Presenter's Name(s)

Mahafuza AktarFollow

Primary Faculty Mentor Name

Victor May

Secondary Mentor NetID

SHammack

Secondary Mentor Name

Sayamwong Hammack

Status

Graduate

Student College

Larner College of Medicine

Program/Major

Natural Resources

Primary Research Category

Health Sciences

Presentation Title

Chronice stress and its affect on PAC1- CRF neurons in the BNST

Time

9:00 AM

Location

Silver Maple Ballroom - Health Sciences

Abstract

Repeated or severe stress has an impact on physiological and psychological systems, as a part of homeostasis, and can promote maladaptive changes (Hammack et al., 2009). These maladaptive changes mediated by chronic stress can produce anxiety-like behavior, which has been argued to be an underlying cause of many psychological diseases, especially anxiety disorder (Hammack et al., 2010). Anxiety disorders have become most the common mental health problem in the U.S, affecting 19.6% of adults (National Comorbidity Survey. 2017). Though there are different pharmacological drugs available to manage anxiety disorders, most have limited efficacy and/or unwanted side effects (Griebel et al., 2013). In order to develop a more effective treatment of anxiety disorders, we need to have a better understanding of how exposure to chronic stress leads to maladaptive behavior. Pituitary adenylate cyclase-activating polypeptide (PACAP) is a neuropeptide encoded by ADCYAP1 gene that is known to regulate stress responding and may play an important role in maladaptive anxiety-like behavior (Ressler et al., 2011).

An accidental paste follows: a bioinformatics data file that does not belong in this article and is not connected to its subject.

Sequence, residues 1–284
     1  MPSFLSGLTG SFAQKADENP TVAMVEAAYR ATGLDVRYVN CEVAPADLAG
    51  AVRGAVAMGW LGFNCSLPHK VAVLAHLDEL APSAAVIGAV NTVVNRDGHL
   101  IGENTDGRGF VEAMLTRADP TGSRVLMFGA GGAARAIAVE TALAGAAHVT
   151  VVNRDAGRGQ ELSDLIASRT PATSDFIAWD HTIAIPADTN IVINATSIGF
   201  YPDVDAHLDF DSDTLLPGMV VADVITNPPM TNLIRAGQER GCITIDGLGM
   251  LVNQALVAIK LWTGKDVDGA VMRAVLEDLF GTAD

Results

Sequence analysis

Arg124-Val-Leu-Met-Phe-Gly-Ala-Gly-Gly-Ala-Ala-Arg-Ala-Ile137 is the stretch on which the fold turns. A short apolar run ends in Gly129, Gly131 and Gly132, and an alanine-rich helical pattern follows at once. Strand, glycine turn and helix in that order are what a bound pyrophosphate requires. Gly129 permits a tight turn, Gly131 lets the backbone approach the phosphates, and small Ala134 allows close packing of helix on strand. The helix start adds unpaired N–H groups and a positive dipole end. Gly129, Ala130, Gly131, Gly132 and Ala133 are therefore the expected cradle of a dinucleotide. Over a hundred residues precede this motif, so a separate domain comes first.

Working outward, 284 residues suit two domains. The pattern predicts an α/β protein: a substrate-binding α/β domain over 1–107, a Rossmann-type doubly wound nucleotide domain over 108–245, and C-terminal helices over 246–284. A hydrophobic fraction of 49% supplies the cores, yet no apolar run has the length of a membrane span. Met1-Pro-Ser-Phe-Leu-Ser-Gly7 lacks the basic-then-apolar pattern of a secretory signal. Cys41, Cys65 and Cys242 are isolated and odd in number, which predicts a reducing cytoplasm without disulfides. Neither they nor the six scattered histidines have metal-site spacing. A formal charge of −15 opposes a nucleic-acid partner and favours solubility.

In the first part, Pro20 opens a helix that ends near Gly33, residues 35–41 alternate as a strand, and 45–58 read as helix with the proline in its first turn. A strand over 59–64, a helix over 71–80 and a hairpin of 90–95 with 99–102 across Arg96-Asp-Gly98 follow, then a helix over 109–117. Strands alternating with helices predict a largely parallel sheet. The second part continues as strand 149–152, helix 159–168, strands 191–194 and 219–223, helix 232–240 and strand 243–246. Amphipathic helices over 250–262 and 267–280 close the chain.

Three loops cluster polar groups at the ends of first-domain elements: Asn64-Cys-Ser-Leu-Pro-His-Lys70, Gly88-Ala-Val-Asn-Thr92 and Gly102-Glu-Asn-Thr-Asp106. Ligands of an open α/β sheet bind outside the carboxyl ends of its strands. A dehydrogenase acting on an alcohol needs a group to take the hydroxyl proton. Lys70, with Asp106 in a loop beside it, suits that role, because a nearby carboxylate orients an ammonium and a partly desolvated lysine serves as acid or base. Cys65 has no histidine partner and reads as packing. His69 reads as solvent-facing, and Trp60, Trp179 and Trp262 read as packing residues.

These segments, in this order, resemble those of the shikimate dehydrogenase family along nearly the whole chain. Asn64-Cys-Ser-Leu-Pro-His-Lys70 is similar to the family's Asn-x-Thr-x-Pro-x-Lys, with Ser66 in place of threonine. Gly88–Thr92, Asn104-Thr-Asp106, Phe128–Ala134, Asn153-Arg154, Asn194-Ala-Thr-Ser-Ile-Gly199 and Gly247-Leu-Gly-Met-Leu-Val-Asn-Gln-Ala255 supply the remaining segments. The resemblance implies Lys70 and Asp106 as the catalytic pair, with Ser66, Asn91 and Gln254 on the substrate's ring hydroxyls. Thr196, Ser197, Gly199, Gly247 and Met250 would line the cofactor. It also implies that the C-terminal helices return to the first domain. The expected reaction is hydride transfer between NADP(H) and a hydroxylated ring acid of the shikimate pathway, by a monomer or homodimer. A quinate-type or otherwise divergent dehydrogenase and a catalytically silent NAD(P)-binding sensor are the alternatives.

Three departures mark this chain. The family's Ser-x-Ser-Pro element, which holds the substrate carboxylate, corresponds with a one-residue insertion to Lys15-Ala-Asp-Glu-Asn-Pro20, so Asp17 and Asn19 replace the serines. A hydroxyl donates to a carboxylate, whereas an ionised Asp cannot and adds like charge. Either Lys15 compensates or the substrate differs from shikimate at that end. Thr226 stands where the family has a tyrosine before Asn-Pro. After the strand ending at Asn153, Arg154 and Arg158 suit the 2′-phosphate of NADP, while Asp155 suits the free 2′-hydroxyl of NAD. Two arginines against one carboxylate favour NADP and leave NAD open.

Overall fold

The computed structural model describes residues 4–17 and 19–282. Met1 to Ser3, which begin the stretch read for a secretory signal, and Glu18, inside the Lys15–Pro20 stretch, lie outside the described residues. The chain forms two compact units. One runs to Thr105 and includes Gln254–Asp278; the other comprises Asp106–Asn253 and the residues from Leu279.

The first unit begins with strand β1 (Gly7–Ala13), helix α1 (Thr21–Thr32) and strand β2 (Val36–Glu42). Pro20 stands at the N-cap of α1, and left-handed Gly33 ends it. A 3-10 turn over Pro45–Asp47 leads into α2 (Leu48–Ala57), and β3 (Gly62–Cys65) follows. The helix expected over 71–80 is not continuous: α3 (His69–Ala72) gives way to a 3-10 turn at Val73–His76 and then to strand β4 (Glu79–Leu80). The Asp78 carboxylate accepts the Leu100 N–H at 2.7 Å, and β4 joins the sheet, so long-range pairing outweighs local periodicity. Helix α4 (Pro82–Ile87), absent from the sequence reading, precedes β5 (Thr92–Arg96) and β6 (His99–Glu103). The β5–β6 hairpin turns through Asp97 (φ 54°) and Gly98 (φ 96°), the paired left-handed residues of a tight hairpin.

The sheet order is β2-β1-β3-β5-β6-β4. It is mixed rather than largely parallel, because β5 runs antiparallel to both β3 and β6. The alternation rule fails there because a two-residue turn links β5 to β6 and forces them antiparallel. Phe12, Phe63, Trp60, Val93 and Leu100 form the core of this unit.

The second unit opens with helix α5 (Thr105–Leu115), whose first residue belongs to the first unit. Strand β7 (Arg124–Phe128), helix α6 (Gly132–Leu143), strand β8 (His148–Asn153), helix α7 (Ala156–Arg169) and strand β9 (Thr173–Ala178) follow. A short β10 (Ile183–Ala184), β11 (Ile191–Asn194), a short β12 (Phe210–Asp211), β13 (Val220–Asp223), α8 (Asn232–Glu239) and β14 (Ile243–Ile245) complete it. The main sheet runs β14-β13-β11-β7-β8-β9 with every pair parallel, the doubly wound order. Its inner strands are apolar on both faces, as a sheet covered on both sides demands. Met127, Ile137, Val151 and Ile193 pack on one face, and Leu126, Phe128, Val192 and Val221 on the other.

PACAP and its cognate receptor, PAC1, have been found in many of the stress- and anxiety-associated brain regions (Hammack et al., 2009), such as - bed nucleus of stria terminalis (BNST), central nucleus of amygdala (CeA), parabrachial nucleus (PBn), and hypothalamus. Our lab has demonstrated that PACAP is critical for stress-related anxiety-like behavior in rodents, and our group has argued that PACAP is critical for stress-induced long-term changes in the functions of anxiety-related brain regions. The stress induced neuroplasticity can produce maladaptive stress response of those brain regions and can cause anxiety disorders (Hammack et al., 2015).

Among these brain regions, the BNST has been argued to be a particularly important area for anxiety-like behavior where PACAP and corticotropin-releasing factor (CRF) working together can cause anxiogenic effects following chronic variant stress (Roman et al., 2014, Walker et al., 2009). As cells in the BNST are diverse in terms of their physiology and chemistry, the roles of different cell populations in stress-related behaviors such as anxiety are not clear. Neurons in the BNST mostly express GABA as a neurotransmitter, with some glutamatergic neurons present (Gungor et al., 2016). These BNST cells also often co-express different neuropeptides, such as PACAP and CRF (Hammack et al., 2009). We have argued that PACAP is targeting BNST CRF neurons (Dore et al., 2013), via the PAC1 receptor, which utilizes different signaling pathways depending on its isoform (Hammack et al., 2015). The PAC1 downstream signaling pathway that contributes to anxiety-like behavior is important to understand because it will help us to find a better target for treatment. PACAP modulates the CRF PAC1 expressing cells in BNST and its downstream signaling pathway during chronic stress and produce anxiety-like behavior.